Fighting injustice with injustice

Tom Bennett is a man who believes that the beginning of wisdom lies in understanding that you know nothing. In other words, he knows nothing, and he knows it. Every week he’ll be chasing his own tail or shouting at the laptop about some damn fool idea in education, or else he’ll be writing about classrooms, students, or why teaching is the most important job in the world. This week: Why tinkering with University entrance is the worst way to promote social mobility.


Tom Bennett

Every so often someone looks at the economic demographics of university entrants and spots that children from poorer backgrounds seem to be disproportionately unrepresented, compared with their more affluent peers. So far, so wrong. But then they make the obvious error of saying that the best way to fix this is by forcing universities to take quotas of children from certain backgrounds, or the other equally wrong alternative, making a blanket decision to make lower offers for these children.

Let me dig into my bag of last summer’s metaphors by saying that this is like noticing that some people never had the chance to train for the Olympics, so we should make allowances for them by giving Usain Bolt a bag of spanners to carry. There may be many factors behind inequality in society, but fixing them at the end of the process isn’t the answer. The real issues are buried further back, the roots of inequality are sunk deep into the soil of society; in homes, in wages, in the lottery of birth and the inequities of the polis. Universities represent, at some level, an almost Utopian level of universal suffrage: no matter your class, background, ethnicity or connections, all you need to enter are the grades.

Of course, a million other factors skew even this; the child who goes to a school with poor behaviour, or poor teaching, or one where nobody pushes them to aspire. I once worked in a school where the majority of kids aspired to work in Asda (I have nothing against our foremost chain of budget family shopping; merely that I hope most kids don’t aspire to stacking shelves). But the correct reply to injustice isn’t more injustice. And giving poorer kids lower offers is a massive inequity. It disadvantages kids from backgrounds that, through no fault of theirs other than birth, offered them more opportunities.

Universities can’t fix inequality

But it’s far easier for a politician to put pressure on universities to fix this. Why? Because they can. Because it’s an easier response than to try to identify the roots of poverty in society. When the only tool you have is a hammer then everything looks like a nail. Well, this is a sledgehammer trying to fix a bug in a computer program.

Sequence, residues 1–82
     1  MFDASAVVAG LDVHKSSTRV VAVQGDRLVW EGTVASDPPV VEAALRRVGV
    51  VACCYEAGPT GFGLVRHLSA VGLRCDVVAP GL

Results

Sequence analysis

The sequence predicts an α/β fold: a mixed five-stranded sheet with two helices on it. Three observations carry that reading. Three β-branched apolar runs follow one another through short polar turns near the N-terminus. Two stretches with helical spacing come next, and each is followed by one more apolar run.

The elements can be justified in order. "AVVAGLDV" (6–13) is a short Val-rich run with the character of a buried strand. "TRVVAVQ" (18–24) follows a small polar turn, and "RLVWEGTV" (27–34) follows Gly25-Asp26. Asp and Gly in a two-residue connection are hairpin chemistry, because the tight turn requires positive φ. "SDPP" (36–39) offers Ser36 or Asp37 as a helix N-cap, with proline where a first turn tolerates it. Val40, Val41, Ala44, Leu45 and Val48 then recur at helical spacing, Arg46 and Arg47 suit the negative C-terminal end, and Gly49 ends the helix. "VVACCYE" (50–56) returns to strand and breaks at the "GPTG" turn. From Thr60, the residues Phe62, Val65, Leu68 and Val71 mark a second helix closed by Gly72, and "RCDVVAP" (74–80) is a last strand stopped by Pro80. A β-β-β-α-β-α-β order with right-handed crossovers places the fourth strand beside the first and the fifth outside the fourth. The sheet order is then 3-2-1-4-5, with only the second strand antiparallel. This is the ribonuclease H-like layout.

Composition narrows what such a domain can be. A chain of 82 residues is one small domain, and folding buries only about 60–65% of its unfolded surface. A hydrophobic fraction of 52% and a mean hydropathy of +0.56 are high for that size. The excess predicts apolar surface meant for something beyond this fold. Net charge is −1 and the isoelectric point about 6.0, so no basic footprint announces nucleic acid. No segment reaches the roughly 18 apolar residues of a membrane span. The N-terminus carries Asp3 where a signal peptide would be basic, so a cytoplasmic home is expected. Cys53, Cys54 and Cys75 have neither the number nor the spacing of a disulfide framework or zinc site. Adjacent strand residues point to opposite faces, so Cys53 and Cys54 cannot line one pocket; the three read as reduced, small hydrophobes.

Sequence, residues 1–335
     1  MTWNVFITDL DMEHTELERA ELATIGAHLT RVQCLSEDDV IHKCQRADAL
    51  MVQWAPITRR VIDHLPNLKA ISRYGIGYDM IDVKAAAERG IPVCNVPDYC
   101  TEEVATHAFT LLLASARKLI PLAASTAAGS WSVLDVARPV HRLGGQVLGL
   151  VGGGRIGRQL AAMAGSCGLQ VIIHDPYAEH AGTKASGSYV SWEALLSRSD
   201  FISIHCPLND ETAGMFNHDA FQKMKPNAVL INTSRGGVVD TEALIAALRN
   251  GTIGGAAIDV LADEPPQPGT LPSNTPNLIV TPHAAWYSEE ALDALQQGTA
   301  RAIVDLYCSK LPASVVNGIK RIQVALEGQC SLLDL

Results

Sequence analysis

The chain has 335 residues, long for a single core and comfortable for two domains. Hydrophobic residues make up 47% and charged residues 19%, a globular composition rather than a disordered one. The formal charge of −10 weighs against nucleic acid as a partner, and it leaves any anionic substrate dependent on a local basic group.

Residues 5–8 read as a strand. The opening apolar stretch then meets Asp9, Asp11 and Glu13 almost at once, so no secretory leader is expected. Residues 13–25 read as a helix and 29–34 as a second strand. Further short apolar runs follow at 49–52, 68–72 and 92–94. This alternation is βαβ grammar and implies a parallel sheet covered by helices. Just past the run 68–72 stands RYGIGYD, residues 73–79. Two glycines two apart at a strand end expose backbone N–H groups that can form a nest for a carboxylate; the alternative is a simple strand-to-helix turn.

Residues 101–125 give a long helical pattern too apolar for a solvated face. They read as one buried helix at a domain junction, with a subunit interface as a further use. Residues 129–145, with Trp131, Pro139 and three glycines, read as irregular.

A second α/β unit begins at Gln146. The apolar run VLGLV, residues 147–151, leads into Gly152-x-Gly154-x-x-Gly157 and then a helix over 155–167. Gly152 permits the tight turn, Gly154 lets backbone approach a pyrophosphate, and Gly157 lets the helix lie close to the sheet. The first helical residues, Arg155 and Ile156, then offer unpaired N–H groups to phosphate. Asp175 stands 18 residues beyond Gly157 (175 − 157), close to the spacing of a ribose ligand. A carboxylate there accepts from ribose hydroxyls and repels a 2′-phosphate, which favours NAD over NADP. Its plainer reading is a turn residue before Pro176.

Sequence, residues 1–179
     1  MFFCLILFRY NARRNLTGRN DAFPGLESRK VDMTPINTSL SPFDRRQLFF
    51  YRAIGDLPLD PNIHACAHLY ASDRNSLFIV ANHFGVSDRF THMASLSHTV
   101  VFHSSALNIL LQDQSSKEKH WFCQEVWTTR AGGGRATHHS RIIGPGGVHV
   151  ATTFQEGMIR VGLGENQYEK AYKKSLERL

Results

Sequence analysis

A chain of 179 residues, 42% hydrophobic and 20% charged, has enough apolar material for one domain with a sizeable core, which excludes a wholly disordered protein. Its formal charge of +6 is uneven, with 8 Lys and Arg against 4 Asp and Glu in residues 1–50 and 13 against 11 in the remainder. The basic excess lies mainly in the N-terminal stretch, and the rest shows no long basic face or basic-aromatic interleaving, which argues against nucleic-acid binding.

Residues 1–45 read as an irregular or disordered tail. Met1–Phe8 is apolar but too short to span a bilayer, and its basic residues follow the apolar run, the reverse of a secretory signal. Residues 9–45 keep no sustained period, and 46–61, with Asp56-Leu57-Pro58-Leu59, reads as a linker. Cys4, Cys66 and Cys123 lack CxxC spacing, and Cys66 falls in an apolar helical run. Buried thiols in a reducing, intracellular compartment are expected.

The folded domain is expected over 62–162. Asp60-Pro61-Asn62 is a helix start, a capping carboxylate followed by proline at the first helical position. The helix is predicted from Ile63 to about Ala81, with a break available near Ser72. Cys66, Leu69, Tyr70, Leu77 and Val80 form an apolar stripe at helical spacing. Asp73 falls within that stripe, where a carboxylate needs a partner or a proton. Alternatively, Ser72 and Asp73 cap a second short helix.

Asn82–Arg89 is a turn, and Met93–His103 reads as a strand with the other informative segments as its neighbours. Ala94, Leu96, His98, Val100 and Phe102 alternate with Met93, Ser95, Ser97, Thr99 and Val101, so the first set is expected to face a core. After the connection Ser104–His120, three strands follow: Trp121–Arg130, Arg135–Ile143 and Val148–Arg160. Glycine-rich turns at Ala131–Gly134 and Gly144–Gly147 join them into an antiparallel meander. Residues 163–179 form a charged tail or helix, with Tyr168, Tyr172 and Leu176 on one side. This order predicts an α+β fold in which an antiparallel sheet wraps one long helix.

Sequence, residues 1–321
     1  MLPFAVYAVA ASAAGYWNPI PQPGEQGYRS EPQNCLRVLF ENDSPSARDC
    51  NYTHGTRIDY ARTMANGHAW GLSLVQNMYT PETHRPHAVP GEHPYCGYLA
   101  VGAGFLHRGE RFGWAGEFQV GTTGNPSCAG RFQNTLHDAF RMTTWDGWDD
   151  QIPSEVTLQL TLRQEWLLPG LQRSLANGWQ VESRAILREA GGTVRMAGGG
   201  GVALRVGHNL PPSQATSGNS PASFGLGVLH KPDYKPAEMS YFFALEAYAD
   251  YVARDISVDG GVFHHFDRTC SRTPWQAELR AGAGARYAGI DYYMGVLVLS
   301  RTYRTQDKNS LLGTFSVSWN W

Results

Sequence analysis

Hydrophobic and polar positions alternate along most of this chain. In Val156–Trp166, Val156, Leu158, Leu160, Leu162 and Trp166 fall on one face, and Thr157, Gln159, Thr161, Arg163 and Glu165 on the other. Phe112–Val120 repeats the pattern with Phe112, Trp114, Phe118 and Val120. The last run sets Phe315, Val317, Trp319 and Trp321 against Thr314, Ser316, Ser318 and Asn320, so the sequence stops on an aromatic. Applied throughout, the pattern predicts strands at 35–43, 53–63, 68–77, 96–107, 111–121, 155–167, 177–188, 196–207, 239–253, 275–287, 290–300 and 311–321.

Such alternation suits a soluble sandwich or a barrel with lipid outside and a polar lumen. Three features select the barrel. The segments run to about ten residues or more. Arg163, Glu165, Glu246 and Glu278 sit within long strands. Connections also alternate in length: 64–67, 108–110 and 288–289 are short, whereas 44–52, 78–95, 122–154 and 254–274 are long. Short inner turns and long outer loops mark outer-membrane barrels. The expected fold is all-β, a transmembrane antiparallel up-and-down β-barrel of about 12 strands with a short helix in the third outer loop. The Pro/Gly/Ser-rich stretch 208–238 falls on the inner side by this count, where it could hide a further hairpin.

Plus, universities already have the scope to do this, on a case-by-case basis, because they are driven by a fundamental need to entice the best students - they have pass-rate targets to make too. While there may still be pockets of individual admissions officers and departments that err on the side of surname, it’s madness to suggest that the vast majority of universities want anything other than the best and the brightest.

I spent some time at Cambridge a few years ago as a Teacher Fellow, and the efforts such institutions make to entice and encourage applications from state schools is enormous. A huge problem Russell Group universities face is, ironically, a paucity of applicants from unrepresented sectors. I know many, many students with great grades who just don’t think that Oxbridge is for ‘people like them’. But mental cages are the hardest ones from which to escape. It isn’t helped by some teachers and schools passing on their own mistrust of such places to the students, in a process of learned helplessness.

The devil of it is that such things are advocated by Alan Milburn and David Willetts. By treating poor kids like poor kids, by lowering the bar they need to reach, we patronise them. We also devalue the notion of education. Universities can already make up their own minds about a candidate’s potential - they aren’t entirely stupid in such matters. ‘There, there,’ we say to the kids, ‘You’re poor, we don’t expect you to do so well.’ The hell with that.

Read Tom’s previous blogs;

Who is Tom Bennett

Tom is a full-time teacher in an inner-city school and he’ll be blogging for us weekly on pedagogy and classroom management. Tom offers regular behaviour advice on the TES website and runs the TES behaviour forum. He also writes for the TES magazine, trains teachers across the UK and is the author of The Behaviour Guru, Not Quite a Teacher and Teacher.